The Courier News from Blytheville, Arkansas on December 6, 1952 · Page 4
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The Courier News from Blytheville, Arkansas · Page 4

Blytheville, Arkansas
Issue Date:
Saturday, December 6, 1952
Page 4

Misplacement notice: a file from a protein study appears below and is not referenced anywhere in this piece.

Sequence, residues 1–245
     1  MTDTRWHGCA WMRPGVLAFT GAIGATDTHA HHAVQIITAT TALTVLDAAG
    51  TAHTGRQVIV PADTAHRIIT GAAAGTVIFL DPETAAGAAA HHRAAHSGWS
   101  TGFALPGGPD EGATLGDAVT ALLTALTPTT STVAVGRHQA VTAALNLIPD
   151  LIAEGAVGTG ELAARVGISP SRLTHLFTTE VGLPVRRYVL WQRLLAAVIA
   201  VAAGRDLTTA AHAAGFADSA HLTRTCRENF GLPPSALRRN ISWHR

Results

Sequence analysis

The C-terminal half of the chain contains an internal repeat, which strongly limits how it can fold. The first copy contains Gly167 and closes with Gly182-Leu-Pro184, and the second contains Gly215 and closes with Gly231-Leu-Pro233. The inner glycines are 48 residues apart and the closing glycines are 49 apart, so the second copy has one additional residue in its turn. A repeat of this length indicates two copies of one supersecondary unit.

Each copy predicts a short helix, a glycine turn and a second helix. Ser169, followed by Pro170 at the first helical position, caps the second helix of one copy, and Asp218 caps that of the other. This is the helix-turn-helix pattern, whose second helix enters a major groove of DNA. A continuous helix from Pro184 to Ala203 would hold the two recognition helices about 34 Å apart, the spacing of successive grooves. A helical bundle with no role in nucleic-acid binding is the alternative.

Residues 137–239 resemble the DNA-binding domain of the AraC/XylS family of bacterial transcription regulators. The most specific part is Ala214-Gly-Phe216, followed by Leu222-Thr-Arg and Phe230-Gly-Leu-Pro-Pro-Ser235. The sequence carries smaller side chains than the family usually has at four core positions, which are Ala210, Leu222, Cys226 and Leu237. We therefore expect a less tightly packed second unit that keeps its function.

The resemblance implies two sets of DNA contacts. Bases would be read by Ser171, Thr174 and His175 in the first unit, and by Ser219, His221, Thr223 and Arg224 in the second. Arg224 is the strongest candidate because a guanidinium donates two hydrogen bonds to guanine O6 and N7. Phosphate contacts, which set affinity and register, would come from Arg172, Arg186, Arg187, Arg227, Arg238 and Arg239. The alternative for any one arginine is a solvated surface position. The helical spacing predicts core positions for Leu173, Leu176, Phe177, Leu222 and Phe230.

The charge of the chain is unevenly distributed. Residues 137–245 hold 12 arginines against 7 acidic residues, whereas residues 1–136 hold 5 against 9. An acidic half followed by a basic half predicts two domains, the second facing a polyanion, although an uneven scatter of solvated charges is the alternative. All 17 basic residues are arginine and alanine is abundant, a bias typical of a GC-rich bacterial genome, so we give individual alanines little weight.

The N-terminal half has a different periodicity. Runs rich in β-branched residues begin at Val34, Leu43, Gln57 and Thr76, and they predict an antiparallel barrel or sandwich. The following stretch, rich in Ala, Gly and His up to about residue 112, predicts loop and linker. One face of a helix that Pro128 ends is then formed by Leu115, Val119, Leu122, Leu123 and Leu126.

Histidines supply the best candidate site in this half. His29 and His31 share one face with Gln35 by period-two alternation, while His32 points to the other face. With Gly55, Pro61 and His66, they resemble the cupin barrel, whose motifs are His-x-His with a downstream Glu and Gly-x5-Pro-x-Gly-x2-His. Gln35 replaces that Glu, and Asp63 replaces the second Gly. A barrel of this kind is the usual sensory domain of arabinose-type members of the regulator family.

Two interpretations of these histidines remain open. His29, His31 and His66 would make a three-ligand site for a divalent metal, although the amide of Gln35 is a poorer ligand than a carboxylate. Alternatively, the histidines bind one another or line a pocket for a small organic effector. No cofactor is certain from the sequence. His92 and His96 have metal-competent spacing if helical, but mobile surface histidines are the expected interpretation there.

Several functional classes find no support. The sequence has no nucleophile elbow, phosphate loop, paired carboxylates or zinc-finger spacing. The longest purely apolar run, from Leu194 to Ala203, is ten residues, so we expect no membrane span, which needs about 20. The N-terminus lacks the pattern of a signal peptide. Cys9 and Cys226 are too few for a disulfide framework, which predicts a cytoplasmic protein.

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PAGE; FOUR BLYTHEVltLE (ARK.) COURIER NEWS SATURDAY, DEC.' 6, 1951 m BLrrHEvnxi COURIER NEW* 10 OCXHUEH NXWB CO. • '. •- H. W. HAINM, Publish** A. HAWW, AitteUnt PuMMwr . A. FRMMUCK80N, Hltor D. HUMAH.AdiertMnf Manager r ' Bate lf»ticn»l Adrertlsing R«pr*«en»atlT«s: Walls** WKmer Co, New York, Chicago, Detroit, Attaeaa, Memphis, > '«M*nd M second elut matter at th« post- oMie* »t Blytherille, Arkanau, under »ct ot Coa, October ». I»1T. Member of Th« Associated Pr»«» "Almost certainly that conclave, draw-; insr upon »om« of th« fin«it business brain* in th« fr** aountri«i, will focut iti energiei on th« b*ji« problem ot increasing trade flow. And by then Pr»»- ident'elect Eisenhower will. h«v« had reasonable chance to' acquaint himself with the Intimate details that go with that fundamental of free world security. ii mata-> i •rjBBCRIFTION RATB8: 'Br wrrier to th« c«r ot BlytheriU. or suburban town wher. writer «nrtc* ii ^JMtbK; radius o, 60 mil-, WOOP., ~»r *3 EO for sfc months, 113* for three month*; br mail outside 60 mil* .son*, «mO P*r year payable to sdYance. _ . Meditations . For the which MUM I also sulfer the« thlnisi BereriheleM I am not ashamed; for I know whom I have bellCTfd, and am persuaded that he U able to keep that which I HIT committed un»» hhn aralnst that day. — H. Timothr 1:1*. * * * The Lord my pasture shall prepare, And feed me with a shepherd's care; His presence shall my wants supply. And guard me with a watchful e ye. —Joseph Addlson. Barbs .* It's » wonder reformers don't get disgusted tnd let the »orld go where they think It »lll. * .•.' * * A Ne» York man had hli violin Insured for fMOO. I« h« planning (his far ahead to play at a New Year's ere party? * • . * '•* • Store windows now are filled with Christmas jtft«. We feel broke already. * + * GoM relta »«y » player can't change hh He. When yon cereal your score, stick to H! t * * * I K'» better to be able:to back up what you say then to just back up I Peril to West in Asia Th« early, optimism that accompanied th« daring French paratroop drop* and tank raids in thfc rear of rebel Com- . munist force* in Indo-China now hai evaporated. In iti plac« comes growing consternation. The French'may indeed have temporarily slowed the west-South-westward advance of the Viet Minh armiei in the mountainous so-called Thai country, but they did not precipitate a re- trent. Indeed, In their own inevitable withdrawal from enemy soil, Bom* ele^ mcnts of the French were ambushed. To add to the gloom, Russian truck's and other equipment recently have been found among abandoned or trapped rebel material. .These : Soviet aupplits a r e being brought in over a 7000-mile rail line built across China and safe from air attack. These recent developments underline for the world once more that the Communists do not see Indo-China as a minor rebel skirmish but as a critical battlefield in the strategic contest for all Southeast Asia. We of the West may regard it as something less than critical only at our peril. Views of Others The Piccolo West to, Muster Strength Economic Parley Might Help In London, six prime ministers of British -Commonwealth countries are currently talking over their mutual economic problems. They haven't done this ''§ince 1932. It will be a good thing if the conference produces decisions leading to greater stability within the Commonwealth. It will be a better thing if progress is made toward drawing those countries ' more firmly Into the wider orbit of. ; trade in the whole free' world. .The time has gone by when any na* tion or group of nations intent upon lasting economic well-being can look to self' containment for salvation. Too many high walls already break the flow of strength-giving commerce in thfe non- Communist family. In theory,'the free nations have the resources, men and skills to fa^e down the Communist threat, if it should ever come to that. But theory and reality art' wide apart. Many of these elements of potential strength are tucked in isolated pockets within national borders. Here they eithtr serve the constricted aims of inbreeding economic nationalism, or they lie in. sterile disuse. Communism brooks neither tariff • N barriers nor national boundaries in con• solidating its own economic strength. If the Reds should bfe allowed to succeed in that merging of power, we cannot complacently assume there is security in our superior paper potential. We must translate that potential into the hard t. goods of thriving trade and effective defense. For the free lands the problem is acute it is immediate. A successful Commonwealth meeting could count as an important stride toward solution. But aloiie it is not enough. All Ihb West ought to assemble in conference on the economic issues today affecting the globe. Not since 1933 has such a gathering - been tried. The London Economic Conference of that year was »'dismal failure, possibly for many reasons, but not •• " Nv the least because President Roosevelt de>. "clined to take serious part in it. With hearty American support this time, an International economic conference might •well make striking advances toward-the solutions indispensable to a full muster of western power. Such a conference could be scheduled right on the heels of the coming bien- .nialmeeting of the International Chamber of Commerce in Vienna next May. News Item* Wall Street Journal: The Army has ordered $20,000 worth of piccolos. At today's" retail price (»150).that should bring 133 and a third ptccoloj. We Imagine, however, the Army, going In for so many, gels a little better price, though you will probably have to ask Senator Williams of Delaware about that. He seems to be the only one down there in Washing- . ton who pays any attention to minor detalU amounting to . leas th'sg »20.000. Anyway, : it's a lot .of piccolos. What in the earthly world do you ^uppose the Army, wants with so many of them? Are th« old ones all played out? Has there been an enormous Influx ol piccolo players Into the _ armed forces? Have composers of martini muslo suddenly developed Sousa's and Berlioz' passion for the shrill little instrument? Or has some ' enterprising piccolo salesman wormed his way into the Pentagon, the way the flute and sousaphone salesman did during the last war? Those flutesjetjajled at $250 apiece. After the strains of war were over ,we have It on excellent authority, they were sold at $10 apiece. The sousaphoncs retailed at $«00. There's a lot of brass-In a big horn like that. We Imagine a good, battle?scarrcd sousaphone sold for around $15 after the'necessity for material music has passed. ' So If you're willing to wait, you can probably pick up a good .unused piccolo eventually for around $5. Pins a $5 . commission, of course, for making the right piccolo contact. But that's cheap for a piccolo. Besides you'll have another good story to add to the delightful and apparently Inexhaustible saga of the piccolo player. ' Providence (R. I.) Journal. Raving Over Paving Still King of the 'Mountains dance-on-t h e-screen?" with: Erskine Johnson IN , HOLLYWOOD HOLLYWOOD .— NBA — Exclusively Yours: It's definite — the "Belvedere" comedies have gone the way of Blondie, Andy Hardy, Malsie and others In the Hollywood series cycle. And Clifton Webb, gleeful over the rigor mortis, Is saying that "It's much nicer for the old boy to retire while the public has hap- memorles of him Instead of going oh and . on with people groaning, 'Oh, no, not again.' " Clifton's going dramatic in "Nearer My God'to Thee" at Fox and answering* the "Will - you Question learned early In life not to say that I'll never do this or that: I once told Moss Hart I wouldn't work Ip Hollywood if they paid me a million at me." dollars. Now look can'be''told.that an unknown Marilyn Monroe was Interviewed - by Ken Murray^ three years ago to replace Marie 'Wilson In "Blackouts!' moved to New when York. the show Ken eyed a sweater and told kid, you're not big P«ter fdson's Washington Column — Tense Mood Pervades Capital, Waiting for Other Shoe to Fall screenwriter at U-I has been assigned to change the plot of the often postponed "Thunder On the Hill," . so .that it won't come too close to Libby Holman's life story Instead of the family In the yarn being tobacco millionaires; they will now be coal .kings. No Reflections Ted' Briskln's playing the perfect-gentleman role and putting the blame on himself for the end of his marriage to Joan Dixon. He told me,. "There can -be no re- UecUo'ns on Joan. She's a wonderful girl." Ted's camera business is booming and he's about to introduce' a .new stereo camera on which he personally spent 2>/2 years' research. « Movletowners returning iron Parta are all agog about a If .«uH that a wenlthy M-year-old widow is about to hurl at Jacque* Be*. gerac, QUiger Rogers' new flame. .:. Barbara Pay ton's six-year-old Johnny is a polio victim, but it's a. light form 'of the disease. Shelly Winters is on a raw meat diet to .'correct her anemic condition. Shucks, I thought Bheltoy at* raw meat all along.... X Chicago scribe's announcement of the birth of Jo Stafford's baby has the song- stress all a-Wuah. He announced that the papa was Mike Nidorf, who's Jo's manager—not her husband. Paul Weston Is the guy landing out the cigars, 'Way 'Out Ahead "Spear In The Sand," with Robert Slack playing the role of t man who sees his life from youth :o old age flash before jilm, will be Arch Cooler's follow-up to hta Natural, Vision s Three-Dimension sensalfon, "Bwana Devil." Oboler expects every studio In' town to be deep In "deptsses" by that'-time, however, and reveals that "the process was offered to and turned .down by every major studio before I made 'Devil.' Only exhibttors_seemed to believe In it. They're' much farther ahead .in their thinking of what motion pictures should be ..than producers. Maybe It's because they live away from the circling effect of Hollywood and the Santa Monica mountains." By DOUGLAS LARSEN NEA Staff Correspondent (For Peter Edaon) ' WASHINGTON —(NBA)— This, city Is practically in a ;slate of suspended animation. In a strange, tense mood it's waiting for the other shoe to drop. It's not exact- 'ly the mood anyone would have predicted after. Republican vlc- cory. .It's certainly, hot .the mood . - - of the rest of the Donflas Larsen country, which one of complete relief that the hole thing Is over. There is obviously great appre- ension among many governmeni mployes about their futures. Even lose who aren't likely to lose Jobs re concerned. They don't know •hat will be coming up in the vay of a new boss, for Instance what shifts will take place lelr : duties. The employes close to top policy evelj a very small fraction, ar laturally worried about being firei ,nd finding, new jobs. All this" worry Is reflected in he real estate market in Wash- ngton. Seldom has it ben quite bad. Everybody Is wanting to sell. Nobody yet Is interested in buying. But the feeling of Job insecurity s far from the overriding mood of .the town at this unusual peri- Slate and city paving engineers are reported very interested in experiments being made in the use of natural rubber in streets and highways. Rubber-asphalt pavements have given amazing results wherever tried: they are more elastic, lew affected by temperature changes, less »\tsceptlble to traffic vibration, and far safer. What's more, the surface InsLs indefinitely, »s witness a road in Amsterdam, Holland, which Is In its 15th year, with no repairs. Such performance would save U. S. taxpayers millions of dollars yearly, say the experts not to mention the lively bounce It would Import to pedestrians, who should al» appreciate the lower repair rate. —Carlsbad (N. M.) Current-Argus. d. ' It's perhaps been expresed | •y a. local newspaper editor this .•ay: "The real of the nation feels hat it has done Us duty now that t has gone to the polls and voted, t's ready to forget about the vhble thing for the next four •ears If It possibly can. "Unfortunately' the people In Washington, - most of whose lives one wap or another are wrapped up in government, have to go on living with the federal government and kep jit going. They mow too well*.th'e seriousness of what Is ahead." Those . 'persons In town " who fought for or craved a Republican victory aren't going through the motions expected of conquering victors either. As on official al Republican headquarters puts It: "I think we; nil kind of forgol during the campaign just exaclly what %Yinning entailed.. Now tha It's all over and we're beginning to size up what's in store, the victory, frankly, doesn't look quit" so rosy." You certainly don't hear thi grandiose, optimistic promises o what revelations are going to take place in Washington from GOP spokesmen, either. Democrats Are Shocked and Bltte Among many ' partisan Demo cratlc officeholders there's still certain feeling of shocked dlsbe lief. "For 10 years you put every thing you've got Into a -prograi which you. believe to the bottom of your feet will benefit the Ame Robert Ryan's still blushing. Mr ran into Tallulah Bankhead in New York and was greeted .with: "Dahr ling, you look so romantic. Let's j get into the ring with some 18- ounce gloves^-immediatelyl" an people," says an official he Federal Security Agency. Then' there is one campaign peech saying what you've done is 11 wrong, and the voters' throw ou out," he says. "How do you xpect you would feel under those ircumstances?" he asks. His feelings are fairly typical of hose held by many top officials, omehow they .haven't, demon- trated the flexible attitude of the Drofesslonal politician who can quickly forgive and forget after :ach election. To them Ike's vic- oVy was just as .miich of a surprise as President:Truman's was o .the nation in 1MB. There's a bigger residue of bitterness left In Washington over he campaign tbnn can probably ae found any place else In the country. Somehow the officeholders can't comprehend . that perhaps some voters voted : for a change" for, the sake of change. "Didn't Stevenson prove to.the people beyond any" doubt just how asinine that argument was!" one of them asks. Right after the election a general in the Pentagon .slapped his leg in high glee and said, "You'll be seeing Republicans coming out of the woodwork in droves." He couldn't-have been more correct. The average person out. of town would have been honestly surprised to discover just how many .vocal Republicans there were In government jobs before the election. But that's nowhere near the multitude you can find now. Eyebrow-raising line, from th» script of "Gentlemen Prefer. Blondes" comes when ; a /man watching Jane Russell and Marie lyn Monroe board a boat saysi "Something about them tells mi that they can't sink." Dorothy Shay Introduced several hew numbers, including two authored by herself at her glittering opening at the Statler Hotel. Dorothy penned "I'm Me, I.Think," later remarked: "I think I'll continue singing just because I like to write songs. It seems.. I'm -the only one around who will sing my : songs." Comic Buddy Hackett told it about a Chinese restaurant: "For $8, six people can--eat like they're going to the chair." Buddy's due for a film debut Bt U-I in a Donald O'Connor film. Hollywood casting director! ar* doing double-takes as 'they read job-hunting letters from on«' - Fa'- amanialalala Soagalemuina Oe'.Ta- maitl. He was Gary Cooper'* stand-in in Samoa • during filming of "Return to Paradise." ' the Doctor Says — Written for NEA Service By EDWIN P. JORDAN, M. D. Great numbers of 'letters have been received by this column from unhappy .women who desire some information on any methods which could be used to Increase the size of the'bust. A typical one follows: Q—My bust is no larger to.dny at the ago* ot 31 and with five children than it was when I was or 14 years old. Can anything done to develop the breast to ore womanly proportions? Mrs. B. A—The plumpness and cbnse ueritly", the size of the breast lies the fat contained therein. Jusl hy some should contain more fat men t to the skin might be of help. At any rate, a skin specialist could nfprm' you what could be done in his way. It Is also possible that SO THEY SAY If we (the world) go down a third time (with a third world war), we may stay down. — UN General Assembly President Lester Pearson. * * * I teel that the successes of the UN and o< UNESCO show that a third world war can b» avoided. — Assistant n. S. Secretary of S««t« Howland Sargeant. * , • • The whole fabric of defense rest* upon a healthy, expanding and fre« civilian economy. — Industrialist K. T. Keller. *. « * In my opinion, tha Soviet Union will never go to war until she Is satisfied that she can win. — James H. Doolittle. ' * » » The (eleclion) defeat was like a big dose of castor oil (for the Democrats) — they didn't want to take it but it will be good for them. — Whlt« House aids Maj.-G«n. Harry Vaughn. ian others Is not eredlty may play clear, part. though won't go astray. The spade lead gave declarer no trouble at all. Dummy took the. first trick with the ace of spades and declarer drew trumps. He could then discard dummy's losing hearts on the ace -and king 'o clubs, after which'he could easily claim the rest of the tricks. Obviously the defenders coul< cold baths exposure to sunlight, or I have laken the first two tricks i exercise would be helpful. West had begun by laying down 'the ace ot hearts. "How was I to about that!" West wailed when tha hand was over. The bidding actually told th whole story. Whenever, the dumm shows a very strong side suit an dummy's long suit: _ Hence, whenever the bidding warns yoil that this is the situation (as West 'should have been warne'd by the bidding in today's hand) you must '.concentrate on winning two tricks before giving up thp lead, i Since, West held an ace, he should, hnve -laid it down in the hope of finding the correct continuation after seeing the dummy. This 'would, of course, have been easy. East would hsive signalled with tile king of hearts to request a-continuation, and West' would have. led another heart to defeat the contract. West had no way of telling, of o'urse, that two heart tricks could la won Immediately. It was pbs- ible, for all West could tell, that is partner would have the ace of lubs instead of the king and queen f hearts. The important thing was to cash sure trick first and decide on the orrect continuation after taking a ook at the jdummy and seeing mrtner's signal. ' 75 Years Ago ' ' In BlythevHIe — Chamber of Commerce aid will be sought in raising $1.000 for BIy T theville's .' proposed WPA football stadium. The school Has only *2,000 used in the project. Most of the cost will be'borne by the'WPA. City Council last night authorized Hi agent to offer 1 $300,000 for purchase of Blytheville ,Water Company/which is owned by R, K. Johnston. There Is apparently no scientific vldencs that any cream or exter- al application, nor that any deice for Irritating or massaging he breast will -.cause any Iri- reased amount of fat to be de- oslled. At least one "bust devel- p«r" was the subject of a post ,of- ice fraud order Issued several ears ago. Q—I recently discovered that 11 know had a hernin of the diaphragm, F "•' but have been advised against operation because of my age, which Is 64. What do you think? • ' . Mrs H.B. —If the symptoms are not too severe or too frequent your doctor's advice should certainly b e 1 followed, although B large number of people have been successfully operated for diaphragmatic hernia who are even older. Q—My mother, who is 62 and ap- parenlly In good health, suffers rom burning feet. Can you suggest any possible cause? M.E.S. A—In the absence of any signs of local Inflammation or disease, on* would suspect — In a case of this sort — sensitivity of the skin, either to nylon stockings or some chemical substance present In her shoes. This Is nol a diagnosis, but suggestion. Q—What could cause my 11- yenr-old son to have diarrhea sev-| eral times a week? Mrs. W.O. 1 A—H could bo some' form of dysenlery such as 'amoebic dysentery. It could be some dietary indiscretion; It could be that he has spastic colon and no doubt there are other possibilities. 'A symptom of this sort, however, should not bo Ignored and an effort should b< made, If It is long-continued, to find out what the cause really Is. WEST * J 9 B 3 1 » A 10 1.4 4> 4 l 4> 2N.T. Pas* NORTH < 4.AKQ10! V93 « A 10 » > 5 2 *Non« EAST * B 4 VKQJ« ' 4> 6 +I07654J SOtJTH (D) *' VS5I . . 4KQJ7J Pass Pass A.lot of families are enjoying stich prosperity, they're going'to have to "choose between ..exchanging Christmas presents or. paying grocery. bills .and being able to meet tb« next Income tax payment-: '; : '. : , <$ NCA North Caroline Jaunt Answer to .Previous Puzzle VERTICAL 1 Bugle call 2 Scope 3 Peruse ' 4 Retnge* ' 5 Rectify 6 Measures ot North-South Yul We* NorP. Pass I* Pass • • Pass evening te»d—* 1. .. 7 Scheme of chance 8 l^oves to excess ; 9 Prayer ending 10 Cleave 11 Conclusions 19 Short barb 21 Flower 24 Pace 25 Weight deduction Q-^Since early adolescence I have been troubled with an oily skin. now 31 but my skin Is still .the snme and I wonder what can be done for this? . O.T. .'A—It Is possible that astringent lotions or some similar local treat- • JACOBY ON BRIDGE Here's Bid Advice Worth Knowing ...By OSWALD JACOBY West player, tremendous trump support for the opening bid, it's a good Idea for the opening leader to lay down an ace If he has one. Paste that advlca In th* back cf your hat so thnt you'll remember 1 It in situations o! this kind, and you'll save thousands of points at the bridge table. When declarer nas a solid trump was a very experienced suit and a very good side suit, he but he made ji very I can usually make a. slam unless wooden opening lead in today's j the defenders begin by taking two hand. If a good, experienced play- tricks. As soon as declarer gains er can make this sort of mistake the lead he can draw trumps and perhaps a word on th« subject' g«t all Us* <Jiso*rd« b« needs oo HORIZONTAL 58 Pay'attention 1,4 Nickname 59 Compass point for North Carolina is the " Slate" B Challenge 12 Exist 13 Sand . (comb, form) 14 Presage 15 Green vegetable 16 Waistcoat, 17 Minister to 18 Make sad 20 Tendencies 22 Top 23 Goddess ot the dawn 24 Heavenly bodies 27 Bitter vetch 28 Light touch 31 Small pastry 32 Affirmative vote 33 Palm leaf 34 Before 35 Make a mistake 37 Sharp 38 Footlike part 39 Light brown 40 Grasps with . the teeth 41 Mountain pass 42 Ailing 43 Free from coarseness 46 Haphazard 50 Dry 51 Mohammedan 1 priest 53 Mineral rock 54 Small island 55 Fence op 56 Column 57 Forest . cmtur* 16 War. god of Greece 27 Merit 28 Versifier 29 On the 37 Large oven 40 Censured ' 41 Apple drink 42 Angry . 43 Incursion sheltered side 44 Gaelic 30 Light 'browns 45 Rasp 35 Famous . 47 Alms ..,': English school48 Algerian 36 Capital of ' North Carolina is—- seaport 49 Apportion 52 Feminine , appellation ry vn th ' 5 ' ' edan rock ening t s <t h . y n H <r» w> M 57 j . S *l 1 £fc U ^ , # n 4i W* n $ - /4 n A ?i & % n &. i XL ^ W 51 fc n %< w HL * n 40 0 P H A 4 N; n » !» a A 4 i ID W f, ij